Experts Point to Eastern Europe, Russia as Hacker Hotbeds

 
 
By Sean Michael Kerner  |  Posted 2014-05-20 Email Print this article Print
 
 
 
 
 
 
 
cyber-espionage and hacking

NEWS ANALYSIS: China isn't the only nation stealing commercial secrets from the United States. Experts also point to Eastern Europe and Russia.

The U.S. government took legal aim  at five officers of the Chinese military on May 19, alleging that they were attacking American companies. The move is unique as it marks the first time the United States has ever tried to sue another country for hacking.

During a press conference yesterday, U.S. Attorney General Eric Holder noted that legal indictment is not likely the last legal action the government will be taking to protect American companies either. So where will Holder turn his focus next?

The recent Verizon 2014 Data Breach Investigations Report (DBIR) found that 49 percent of threat actors involved in cyber-espionage were coming from Eastern Asia. As such, it makes sense that the U.S. government would take aim at China first.

China isn't the only threat actor taking aim at the United States, though. According to the Verizon 2014 DBIR, 21 percent of cyber-espionage came from threat actors in Eastern Europe. That's likely the place where the long arm of U.S. law is likely to look next.

George Kurtz, CEO of security specialist CrowdStrike, told eWEEK that his firm is seeing a lot of activity in Russia. "There is a lot of expertise within Russia," Kurtz said. "That's probably a good place to start, as well."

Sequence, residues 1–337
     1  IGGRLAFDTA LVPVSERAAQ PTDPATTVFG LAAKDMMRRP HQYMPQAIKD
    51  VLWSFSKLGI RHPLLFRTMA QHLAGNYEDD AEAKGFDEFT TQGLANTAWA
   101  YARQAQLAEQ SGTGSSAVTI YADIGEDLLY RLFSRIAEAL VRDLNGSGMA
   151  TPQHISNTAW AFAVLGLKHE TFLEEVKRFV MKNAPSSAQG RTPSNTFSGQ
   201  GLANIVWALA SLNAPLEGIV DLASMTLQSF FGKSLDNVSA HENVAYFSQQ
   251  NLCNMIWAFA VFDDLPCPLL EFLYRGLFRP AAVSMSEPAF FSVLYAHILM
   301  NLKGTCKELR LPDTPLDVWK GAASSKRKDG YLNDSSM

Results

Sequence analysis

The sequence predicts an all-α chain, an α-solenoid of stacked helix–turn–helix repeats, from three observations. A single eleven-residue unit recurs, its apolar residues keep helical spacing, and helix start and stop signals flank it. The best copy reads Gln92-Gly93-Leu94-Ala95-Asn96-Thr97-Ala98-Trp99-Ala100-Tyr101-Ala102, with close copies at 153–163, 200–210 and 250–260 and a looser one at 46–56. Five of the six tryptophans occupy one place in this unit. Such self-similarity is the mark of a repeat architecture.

In recent weeks, Russian President Vladimir Putin has more closely aligned himself with China as tensions with the West have escalated over the crisis in Ukraine, Kurtz said.

"In my opinion, the Russians actually build the best tools and technology that is out there for hacking," Kurtz said.  "The Chinese happen to be pretty persistent, but based on what we see based specifically in the energy sector, we should look at attackers in Russia."

In my view, given the current condition of diplomatic affairs between Washington and Moscow, adding on claims of state-sponsored hacking of U.S. companies would only further deteriorate relations. Putin is now pledging to remove Russian armed forces from the Ukrainian border, which is a move that the United States and its allies are closely watching. To further antagonize Putin now with charges of state-backed hacking might not be the best idea.

Then again, if the Department of Justice can make a case against Russia, it should do so. During Holder's press conference yesterday, he noted that his department is focused on protecting American companies from criminal activities.

"When a foreign nation uses military or intelligence tools and resources against corporations to obtain trade secrets or sensitive business information for the benefit of state-owned companies, we must say, enough is enough," Holder said.

From a practical perspective, though, whether Russia is the next nation served with a hacking indictment might not matter all that much. The likelihood of the United States being able to actually conduct legal proceedings against nation-state-backed hackers is low. The point of the legal action, however, isn't just about bringing people to justice; it's also about letting American companies know that the U.S. government is on their side.

Sean Michael Kerner is a senior editor at eWEEK and InternetNews.com. Follow him on Twitter @TechJournalist.

 
 
 
 
 
 
 
 
 
 
 

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